Green Energy: AEMO says 16 renewable energy generators commissioned in east coast grid over the last year
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The Australian Energy Market Operator (AEMO) says 16 renewable generators (solar, wind and battery) totalling 1.73 GW have been commissioned in the east coast National Electricity Market (NEM) between July 2020 and June 2021, while another 33 generators totalling 2.68 GW have been registered.
In its fifth State of the System update, a regular round up of development in the east coast energy system, the AEMO highlighted an increase of 600 MW of renewable generators had been registered and 480 MW commissioned compared to the previous financial year.
Additionally, 18 projects with a total capacity of 2.1 GW became committed after completing the first stage of the connection process, while there was a decline of 1.49 GW in committed generation compared to the prior financial year.
Since July 1, six new generators with a total capacity of 953 megawatts (MW) achieved registration, including:
Western Australian local governments are poised to sign up for an Australian first renewable energy agreement, which has the potential to deliver 100% renewable power to 51 councils.
Negotiated by the WA Local Government Association (WALGA) and in a giant step towards zero emissions, local governments have until Thursday, November 18 to formalise their participation — which would make the project the largest of its kind undertaken in Australia.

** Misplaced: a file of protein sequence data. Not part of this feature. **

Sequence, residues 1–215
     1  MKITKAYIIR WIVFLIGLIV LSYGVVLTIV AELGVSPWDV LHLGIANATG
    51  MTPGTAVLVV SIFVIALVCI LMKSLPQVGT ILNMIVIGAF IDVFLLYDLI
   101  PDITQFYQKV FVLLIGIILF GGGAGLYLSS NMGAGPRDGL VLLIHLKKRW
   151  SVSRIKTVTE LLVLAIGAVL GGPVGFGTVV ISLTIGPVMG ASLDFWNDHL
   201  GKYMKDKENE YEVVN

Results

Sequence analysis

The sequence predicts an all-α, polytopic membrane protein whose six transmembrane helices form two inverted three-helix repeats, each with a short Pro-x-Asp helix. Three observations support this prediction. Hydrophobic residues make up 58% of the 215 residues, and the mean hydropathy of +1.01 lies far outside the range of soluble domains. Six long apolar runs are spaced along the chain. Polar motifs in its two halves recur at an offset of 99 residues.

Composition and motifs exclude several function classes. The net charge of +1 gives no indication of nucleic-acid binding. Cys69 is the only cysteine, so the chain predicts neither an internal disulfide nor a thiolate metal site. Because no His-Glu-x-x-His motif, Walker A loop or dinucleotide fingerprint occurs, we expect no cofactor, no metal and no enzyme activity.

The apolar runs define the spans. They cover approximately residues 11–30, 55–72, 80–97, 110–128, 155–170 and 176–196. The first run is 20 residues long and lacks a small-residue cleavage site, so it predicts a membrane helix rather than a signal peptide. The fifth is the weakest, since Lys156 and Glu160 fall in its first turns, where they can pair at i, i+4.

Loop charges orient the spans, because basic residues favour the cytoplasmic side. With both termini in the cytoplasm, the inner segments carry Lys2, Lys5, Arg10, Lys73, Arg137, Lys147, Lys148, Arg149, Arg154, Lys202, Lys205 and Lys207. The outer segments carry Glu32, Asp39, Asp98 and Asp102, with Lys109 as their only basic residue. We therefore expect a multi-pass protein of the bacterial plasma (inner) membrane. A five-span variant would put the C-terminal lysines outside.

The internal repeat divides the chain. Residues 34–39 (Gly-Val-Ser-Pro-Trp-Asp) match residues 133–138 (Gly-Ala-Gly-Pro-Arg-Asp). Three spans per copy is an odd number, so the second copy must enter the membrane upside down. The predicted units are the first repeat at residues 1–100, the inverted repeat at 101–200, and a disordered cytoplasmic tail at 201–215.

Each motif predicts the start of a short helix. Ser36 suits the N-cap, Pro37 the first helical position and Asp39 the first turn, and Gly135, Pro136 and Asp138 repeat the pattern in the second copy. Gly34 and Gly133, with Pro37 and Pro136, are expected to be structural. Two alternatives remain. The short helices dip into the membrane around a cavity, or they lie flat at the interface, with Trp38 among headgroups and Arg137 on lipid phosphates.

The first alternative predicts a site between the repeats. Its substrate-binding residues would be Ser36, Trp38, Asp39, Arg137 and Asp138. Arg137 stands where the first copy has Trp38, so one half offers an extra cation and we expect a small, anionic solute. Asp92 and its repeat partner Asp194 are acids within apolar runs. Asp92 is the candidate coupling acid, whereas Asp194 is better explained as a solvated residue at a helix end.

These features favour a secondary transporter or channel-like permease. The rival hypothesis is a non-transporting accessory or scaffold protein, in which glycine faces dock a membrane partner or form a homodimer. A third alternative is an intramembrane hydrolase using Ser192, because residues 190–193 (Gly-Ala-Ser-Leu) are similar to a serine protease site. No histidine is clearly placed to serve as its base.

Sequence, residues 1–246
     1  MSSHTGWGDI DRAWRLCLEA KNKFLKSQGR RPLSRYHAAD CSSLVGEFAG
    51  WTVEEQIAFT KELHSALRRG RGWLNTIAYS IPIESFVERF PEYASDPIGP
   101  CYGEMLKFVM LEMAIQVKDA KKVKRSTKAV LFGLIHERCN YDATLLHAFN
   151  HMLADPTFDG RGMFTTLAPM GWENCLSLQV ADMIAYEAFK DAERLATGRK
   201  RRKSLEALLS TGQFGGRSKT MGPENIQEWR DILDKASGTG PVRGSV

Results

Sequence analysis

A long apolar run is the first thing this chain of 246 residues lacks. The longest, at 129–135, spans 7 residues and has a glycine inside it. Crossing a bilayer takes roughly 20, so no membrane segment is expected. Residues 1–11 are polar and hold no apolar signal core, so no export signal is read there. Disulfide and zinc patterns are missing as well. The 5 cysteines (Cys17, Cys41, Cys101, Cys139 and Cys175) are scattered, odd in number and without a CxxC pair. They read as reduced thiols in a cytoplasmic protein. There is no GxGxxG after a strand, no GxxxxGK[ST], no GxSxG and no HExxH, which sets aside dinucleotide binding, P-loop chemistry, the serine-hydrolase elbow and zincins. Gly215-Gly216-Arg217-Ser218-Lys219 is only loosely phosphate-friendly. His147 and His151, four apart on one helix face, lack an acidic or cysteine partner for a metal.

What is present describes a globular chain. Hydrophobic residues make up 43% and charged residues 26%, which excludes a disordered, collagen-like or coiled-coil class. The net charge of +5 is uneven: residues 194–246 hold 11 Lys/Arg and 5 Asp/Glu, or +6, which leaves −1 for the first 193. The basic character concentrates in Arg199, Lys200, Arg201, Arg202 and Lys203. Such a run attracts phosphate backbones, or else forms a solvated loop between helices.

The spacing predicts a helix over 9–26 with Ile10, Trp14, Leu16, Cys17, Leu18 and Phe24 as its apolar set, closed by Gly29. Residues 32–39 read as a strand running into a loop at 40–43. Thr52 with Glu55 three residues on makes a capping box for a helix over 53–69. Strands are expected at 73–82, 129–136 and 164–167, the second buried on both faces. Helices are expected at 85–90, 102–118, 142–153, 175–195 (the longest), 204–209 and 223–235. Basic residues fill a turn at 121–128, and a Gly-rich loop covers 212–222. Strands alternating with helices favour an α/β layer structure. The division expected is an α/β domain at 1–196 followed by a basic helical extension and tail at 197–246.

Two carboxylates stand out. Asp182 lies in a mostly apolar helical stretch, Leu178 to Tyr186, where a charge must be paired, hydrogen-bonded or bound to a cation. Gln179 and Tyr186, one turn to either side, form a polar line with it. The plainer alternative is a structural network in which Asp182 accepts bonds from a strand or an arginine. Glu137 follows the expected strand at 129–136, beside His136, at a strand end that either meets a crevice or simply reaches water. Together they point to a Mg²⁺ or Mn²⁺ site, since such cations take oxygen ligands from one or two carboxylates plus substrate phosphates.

WALGA President Mayor Tracey Roberts said the agreement would deliver both the option for 100% renewable energy for the sector’s contestable supply and savings of up to $5 million.
The WA Local Government initiative is the first renewables and carbon offset aggregation project granted authorisation by the Australian Competition and Consumer Commission.
It will access the renewable energy supply from three WA wind farms at Albany, Emu Downs and Collgar wind farm.
Roberts said WALGA had worked on developing the agreement with a steering group comprising senior representatives from a number of Local Governments.
“The enthusiasm for this project in the sector and the terms that have been achieved for the community are outstanding,” Roberts said.
“There is a genuine appetite in the Local Government sector to lead the way on zero emissions and the shift to renewable energy is a giant step in the right direction.”
“Sourcing renewable energy from WA providers was a strong requirement of the sector, and further supports the direct benefit to the community in supporting local industry.”
Chevron has set a 2050 net zero aspiration for upstream scope 1 and 2 emissions in in its updated Climate Change Resilience report.
The company said it intends to reduce carbon emissions by more than 5 percent from 2016 levels by 2028 – meaning emissions reductions of 30 mmtpa CO2.
This report, which is in line with the Task Force on Climate-Related Disclosures (TCFD), describes the company’s Portfolio Carbon Intensity (PCI) target inclusive of Scope 1 and 2 as well as Scope 3 emissions.
Scope 1 includes direct emissions of the six Kyoto Protocol greenhouse gases (GHG), Scope 2 includes indirect GHG emissions, and Scope 3 includes other indirect emissions, including use of products.
As Bloomberg states, this marks the first time Chevron has outlined a multi-decade strategic commitment to reduce emissions.
Chairman Michael Wirth said: “To communicate our progress in lowering the overall carbon intensity of our traditional operations and growing lower carbon business lines to help address Scope 3 emissions, we are introducing a portfolio carbon-intensity metric.
“This approach will measure the full value chain carbon intensity of our entire business.
“We are also introducing a net zero aspiration for Upstream Scope 1 and 2 emissions.
“We believe we have a competitive advantage to deliver carbon solutions that are good for our stockholders and all stakeholders.”